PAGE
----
- Is that it? No. The preceding illustrations provide a flavor for issues that can arise from ambiguities in transaction agreements where the risk of divergent interpretations coming to fruition could have been minimized with proper planning.
When such disputes do occur and can’t be resolved within the agreement-contemplated timeframes, transaction parties rightly find themselves asking questions such as:
- Who can help with negotiations? A party to such a dispute, and its counsel, may wish to consider seeking assistance from an accountant who can analyze the strengths and weaknesses of that party’s position, as well as that of its adversary, and provide objective advice for use in negotiations. A deal principal and its legal representative may even desire that the accountant assist in another attempt to negotiate a resolution with the counterparty.
- What if the problem still can’t be resolved? Generally, transaction agreements provide that if the parties cannot achieve mutually acceptable resolution regarding working capital or earn-out disputes they proceed to formal dispute resolution, which often involves the appointment of a final decision maker who may be described, for example, as an arbitrator, accounting neutral, independent accountant, or accounting referee (the “neutral”). An accountant who is well-versed in this type of dispute resolution process may be retained to testify before the neutral, provide consulting advice to the parties, assist in crafting the proceedings’ protocols, and/or evaluate the credentials of potential neutrals.
- Who should serve as the neutral? Parties are well-advised to vet neutral candidate organizations for independence and competence during the agreement-crafting process as well as designate such firm, and possibly an associated individual, as the default neutral in the transaction agreement itself. But even if such consideration is not made until after the parties have already become embroiled in such a dispute, they should consider organizations whose transaction-dispute-resolution specialists possess experience in neutral roles and that have the requisite GAAP and relevant industry expertise. It is also important that they avail themselves of as much information as they can about the candidates such as each one’s reputation as a contract language “strict constructionist” versus “equity seeker,” an ability to resolve procedural issues, fairness in the resolution of discovery battles, an even temperament to both buyers and sellers, depth of technical knowledge, and access to industry expertise.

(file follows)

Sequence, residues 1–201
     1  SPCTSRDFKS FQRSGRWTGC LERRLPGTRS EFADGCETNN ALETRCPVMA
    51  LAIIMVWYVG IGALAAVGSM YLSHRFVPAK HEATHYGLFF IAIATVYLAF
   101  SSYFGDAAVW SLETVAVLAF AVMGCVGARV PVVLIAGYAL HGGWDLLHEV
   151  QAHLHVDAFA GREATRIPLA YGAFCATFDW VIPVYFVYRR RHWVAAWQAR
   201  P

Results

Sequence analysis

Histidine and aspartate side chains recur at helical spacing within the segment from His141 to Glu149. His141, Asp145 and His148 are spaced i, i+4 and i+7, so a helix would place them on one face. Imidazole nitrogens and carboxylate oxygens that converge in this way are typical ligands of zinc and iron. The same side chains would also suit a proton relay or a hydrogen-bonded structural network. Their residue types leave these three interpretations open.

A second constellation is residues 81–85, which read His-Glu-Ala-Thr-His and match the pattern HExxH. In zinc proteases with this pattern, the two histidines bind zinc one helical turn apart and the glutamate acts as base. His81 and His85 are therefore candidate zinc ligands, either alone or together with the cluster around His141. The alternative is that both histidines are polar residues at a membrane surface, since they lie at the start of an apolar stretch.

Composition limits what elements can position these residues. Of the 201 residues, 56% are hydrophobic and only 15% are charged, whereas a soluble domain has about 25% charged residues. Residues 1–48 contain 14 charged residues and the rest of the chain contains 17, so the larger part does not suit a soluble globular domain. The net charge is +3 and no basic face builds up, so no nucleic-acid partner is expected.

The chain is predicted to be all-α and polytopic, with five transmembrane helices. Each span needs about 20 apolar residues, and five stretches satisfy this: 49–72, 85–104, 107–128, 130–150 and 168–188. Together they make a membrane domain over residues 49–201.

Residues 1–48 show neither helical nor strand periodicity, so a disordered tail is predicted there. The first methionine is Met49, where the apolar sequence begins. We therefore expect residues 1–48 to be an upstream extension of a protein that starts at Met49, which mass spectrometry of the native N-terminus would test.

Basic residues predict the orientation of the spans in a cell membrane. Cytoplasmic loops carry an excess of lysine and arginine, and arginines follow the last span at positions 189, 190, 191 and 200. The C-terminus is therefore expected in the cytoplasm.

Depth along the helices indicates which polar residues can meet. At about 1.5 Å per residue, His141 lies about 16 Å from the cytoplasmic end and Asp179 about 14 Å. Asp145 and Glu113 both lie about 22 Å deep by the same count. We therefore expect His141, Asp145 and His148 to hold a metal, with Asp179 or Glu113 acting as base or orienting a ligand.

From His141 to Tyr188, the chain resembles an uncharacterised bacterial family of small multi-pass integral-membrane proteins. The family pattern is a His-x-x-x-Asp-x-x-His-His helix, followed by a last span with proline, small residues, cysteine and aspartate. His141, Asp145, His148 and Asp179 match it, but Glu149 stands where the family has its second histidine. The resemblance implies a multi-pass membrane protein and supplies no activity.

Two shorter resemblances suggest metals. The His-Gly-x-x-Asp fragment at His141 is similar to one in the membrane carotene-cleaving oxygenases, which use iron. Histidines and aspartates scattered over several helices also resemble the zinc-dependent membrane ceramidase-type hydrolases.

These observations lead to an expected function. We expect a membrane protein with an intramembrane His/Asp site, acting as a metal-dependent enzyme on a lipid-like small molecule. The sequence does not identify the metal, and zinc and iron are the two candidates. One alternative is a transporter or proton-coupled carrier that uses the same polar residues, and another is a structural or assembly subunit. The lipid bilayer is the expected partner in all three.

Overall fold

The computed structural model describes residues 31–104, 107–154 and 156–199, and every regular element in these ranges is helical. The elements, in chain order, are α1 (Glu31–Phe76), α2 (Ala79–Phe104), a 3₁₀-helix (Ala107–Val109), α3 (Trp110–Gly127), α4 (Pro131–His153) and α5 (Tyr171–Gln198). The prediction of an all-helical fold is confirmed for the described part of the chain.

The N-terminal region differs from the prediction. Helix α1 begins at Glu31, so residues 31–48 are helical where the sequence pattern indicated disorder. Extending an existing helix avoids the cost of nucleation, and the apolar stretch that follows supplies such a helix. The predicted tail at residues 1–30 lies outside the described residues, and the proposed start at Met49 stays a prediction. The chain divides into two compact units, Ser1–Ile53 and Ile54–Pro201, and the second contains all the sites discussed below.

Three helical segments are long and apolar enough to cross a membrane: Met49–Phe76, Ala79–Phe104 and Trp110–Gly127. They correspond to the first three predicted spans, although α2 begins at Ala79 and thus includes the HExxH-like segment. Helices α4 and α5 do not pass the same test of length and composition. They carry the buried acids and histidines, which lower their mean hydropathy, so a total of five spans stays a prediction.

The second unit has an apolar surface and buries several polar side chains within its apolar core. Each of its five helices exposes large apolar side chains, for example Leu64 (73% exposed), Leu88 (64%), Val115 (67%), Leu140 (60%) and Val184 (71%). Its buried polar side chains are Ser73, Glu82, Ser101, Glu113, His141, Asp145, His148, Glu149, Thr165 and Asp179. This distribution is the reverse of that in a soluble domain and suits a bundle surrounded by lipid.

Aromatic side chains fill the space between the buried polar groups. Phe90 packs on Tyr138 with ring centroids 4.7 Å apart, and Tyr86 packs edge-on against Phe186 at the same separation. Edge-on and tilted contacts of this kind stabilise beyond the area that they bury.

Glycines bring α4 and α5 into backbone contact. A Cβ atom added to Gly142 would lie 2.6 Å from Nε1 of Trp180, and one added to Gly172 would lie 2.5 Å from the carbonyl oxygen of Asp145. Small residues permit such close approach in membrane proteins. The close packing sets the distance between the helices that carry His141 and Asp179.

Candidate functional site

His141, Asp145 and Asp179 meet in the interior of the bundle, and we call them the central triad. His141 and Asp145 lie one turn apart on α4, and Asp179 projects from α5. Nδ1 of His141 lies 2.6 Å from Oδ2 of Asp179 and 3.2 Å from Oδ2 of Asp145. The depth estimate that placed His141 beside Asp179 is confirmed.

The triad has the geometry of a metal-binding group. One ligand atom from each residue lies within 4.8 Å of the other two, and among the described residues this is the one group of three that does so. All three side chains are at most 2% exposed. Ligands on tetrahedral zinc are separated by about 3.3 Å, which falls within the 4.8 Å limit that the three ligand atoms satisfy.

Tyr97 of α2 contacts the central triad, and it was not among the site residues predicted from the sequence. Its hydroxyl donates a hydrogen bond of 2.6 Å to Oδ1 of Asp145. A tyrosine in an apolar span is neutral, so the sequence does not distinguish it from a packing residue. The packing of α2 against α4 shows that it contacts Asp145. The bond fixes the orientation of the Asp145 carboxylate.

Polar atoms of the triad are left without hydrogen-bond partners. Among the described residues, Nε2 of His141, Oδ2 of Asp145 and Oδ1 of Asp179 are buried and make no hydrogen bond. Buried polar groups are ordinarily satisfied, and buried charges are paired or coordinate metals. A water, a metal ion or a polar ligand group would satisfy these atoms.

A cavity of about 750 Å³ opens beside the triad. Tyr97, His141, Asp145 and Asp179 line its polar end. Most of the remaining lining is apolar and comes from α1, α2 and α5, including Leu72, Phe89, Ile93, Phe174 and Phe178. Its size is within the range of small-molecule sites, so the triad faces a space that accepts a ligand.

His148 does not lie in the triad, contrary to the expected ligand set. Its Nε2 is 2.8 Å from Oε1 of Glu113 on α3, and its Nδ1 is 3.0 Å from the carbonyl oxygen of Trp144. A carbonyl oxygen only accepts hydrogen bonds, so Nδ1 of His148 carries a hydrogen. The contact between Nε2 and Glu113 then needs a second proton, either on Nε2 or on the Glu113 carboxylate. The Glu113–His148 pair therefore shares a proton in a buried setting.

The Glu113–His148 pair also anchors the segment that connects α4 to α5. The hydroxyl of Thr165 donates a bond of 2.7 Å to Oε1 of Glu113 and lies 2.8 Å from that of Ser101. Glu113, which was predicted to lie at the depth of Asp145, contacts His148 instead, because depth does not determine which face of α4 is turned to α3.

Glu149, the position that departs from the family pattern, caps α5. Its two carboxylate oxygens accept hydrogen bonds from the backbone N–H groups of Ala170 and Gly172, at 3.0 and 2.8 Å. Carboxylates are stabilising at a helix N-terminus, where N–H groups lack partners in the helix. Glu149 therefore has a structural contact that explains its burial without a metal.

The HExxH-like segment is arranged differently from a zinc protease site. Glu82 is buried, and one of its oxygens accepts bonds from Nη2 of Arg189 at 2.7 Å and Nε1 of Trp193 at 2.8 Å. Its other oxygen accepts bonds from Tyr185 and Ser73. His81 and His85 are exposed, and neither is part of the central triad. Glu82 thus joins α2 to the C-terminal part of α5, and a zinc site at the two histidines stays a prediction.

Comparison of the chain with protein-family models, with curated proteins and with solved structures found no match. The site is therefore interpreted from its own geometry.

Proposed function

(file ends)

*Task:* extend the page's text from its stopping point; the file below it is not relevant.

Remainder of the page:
Transaction parties may reduce, but not eliminate, uncertainty early on through the establishment of clear and definitive contract language addressing areas that are otherwise often fertile ground for the growth of disputes. When such disagreements do occur, it is critical that parties and counsel consider retaining a qualified accountant to assist them through the resolution process.